It'll be a busy day for D.C. in the courts today, as federal judges hear arguments on two separate cases: a budget autonomy referendum and the city's longstanding ban on carrying handguns outside the home.
Del. Eleanor Holmes Norton, D-D.C., is urging Republican senators who called on President Barack Obama to support the democracy movement in Hong Kong to also support democracy in D.C.
A bipartisan group of senators, including 10 Republicans and 11 Democrats, sent a letter to the president Thursday, urging Obama to “voice U.S. support for full democracy in Hong Kong.” The group included senators from both ends of the political spectrum who united to write, “[We] strongly support the Hong Kong people’s aspiration for universal suffrage and full democracy.”
It could have been a big moment: a congressional hearing room packed in such numbers that an overflow room was needed to accommodate the audience; a moment two decades in the making; an issue that had the support of President Obama.
“WHEN I talk about all who want to be heard in the halls of the federal government, I am talking about the more than 600,000 taxpayers who, like me — like me — live in the District of Columbia and still have no voting representation in Congress. We pay our taxes. We die in the Army. . . . It is long past time for every citizen to be afforded his or her full responsibilities and full rights.”
Two independent candidates vying to become the next D.C. mayor presented two different views on achieving voting rights for D.C. and how best to work with — and without — Congress to do so.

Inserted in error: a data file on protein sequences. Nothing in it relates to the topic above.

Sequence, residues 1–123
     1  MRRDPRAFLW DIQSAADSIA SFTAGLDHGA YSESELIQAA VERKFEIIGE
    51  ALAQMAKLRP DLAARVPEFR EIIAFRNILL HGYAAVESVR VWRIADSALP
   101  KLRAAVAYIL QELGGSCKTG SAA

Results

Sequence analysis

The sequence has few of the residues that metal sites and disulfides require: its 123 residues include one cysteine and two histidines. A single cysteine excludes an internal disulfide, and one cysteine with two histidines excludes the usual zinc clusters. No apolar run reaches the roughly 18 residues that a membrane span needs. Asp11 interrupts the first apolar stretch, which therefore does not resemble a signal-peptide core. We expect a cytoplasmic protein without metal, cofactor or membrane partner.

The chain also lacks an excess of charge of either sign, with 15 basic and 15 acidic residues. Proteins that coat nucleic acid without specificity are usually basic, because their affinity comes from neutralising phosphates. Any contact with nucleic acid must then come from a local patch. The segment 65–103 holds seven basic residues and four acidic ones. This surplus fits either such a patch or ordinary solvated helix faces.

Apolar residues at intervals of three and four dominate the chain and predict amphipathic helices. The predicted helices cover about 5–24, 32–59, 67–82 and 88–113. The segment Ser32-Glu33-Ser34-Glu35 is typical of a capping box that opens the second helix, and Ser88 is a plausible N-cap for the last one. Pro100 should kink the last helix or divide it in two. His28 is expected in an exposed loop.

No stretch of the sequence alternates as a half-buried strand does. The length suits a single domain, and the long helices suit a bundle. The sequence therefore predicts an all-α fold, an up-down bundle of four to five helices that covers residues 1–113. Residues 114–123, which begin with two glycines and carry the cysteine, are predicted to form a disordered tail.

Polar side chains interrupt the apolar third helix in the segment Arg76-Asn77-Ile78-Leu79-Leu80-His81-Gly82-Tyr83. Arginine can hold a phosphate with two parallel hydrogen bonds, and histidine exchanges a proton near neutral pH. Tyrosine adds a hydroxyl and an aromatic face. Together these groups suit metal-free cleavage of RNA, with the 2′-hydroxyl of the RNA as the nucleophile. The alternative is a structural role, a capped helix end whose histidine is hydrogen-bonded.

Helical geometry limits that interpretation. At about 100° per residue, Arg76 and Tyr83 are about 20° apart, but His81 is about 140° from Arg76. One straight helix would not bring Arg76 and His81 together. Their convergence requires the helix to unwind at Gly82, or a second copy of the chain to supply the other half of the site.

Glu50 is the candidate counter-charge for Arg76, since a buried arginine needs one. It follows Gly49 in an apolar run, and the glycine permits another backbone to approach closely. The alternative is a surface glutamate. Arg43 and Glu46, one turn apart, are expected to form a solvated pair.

David Catania, a member of the D.C. council, told the several dozen voters gathered at the DC Vote forum that District residents cannot count on Congress to help them achieve full voting rights.
“No taxation without representation” has been a cliché of American politics almost since the nation’s founding, but for citizens of Washington, D.C., those words have been anything but a guarantee.
A Senate committee held a hearing Monday on a bill that would grant statehood to the District of Columbia. Or perhaps it's better to say a single Senator held a hearing on the bill, since only Sen. Thomas Carper (D-Del.), who chairs the committee and introduced the legislation, stayed for the entire duration.
After the U.S. House of Representatives debated a D.C. statehood bill in 1992, the measure made it out of committee before being killed during a vote on the House floor. But a statehood bill debated yesterday in the U.S. Senate may not even make it out of committee — despite Democrats controlling the chamber.
The last time Congress considered legislation to change the District of Columbia’s status as a non-voting federal jurisdiction, it was only a partial measure and Democrats controlled both chambers as well as the White House. But in an environment where even 2009’s halfway measure looks highly unlikely -- if not impossible -- supporters are pushing for full statehood.
President Barack Obama is for D.C. Statehood, as are quite a few of his neighbors in the District of Columbia. On Monday, those boosters will make the first concrete progress toward that goal in 20 years. The Senate Homeland Security and Governmental Affairs Committee will hold a hearing on the New Columbia Admission Act of 2013. The hearing will be the first about D.C. statehood since 1993, when a similar House measure went up for a vote.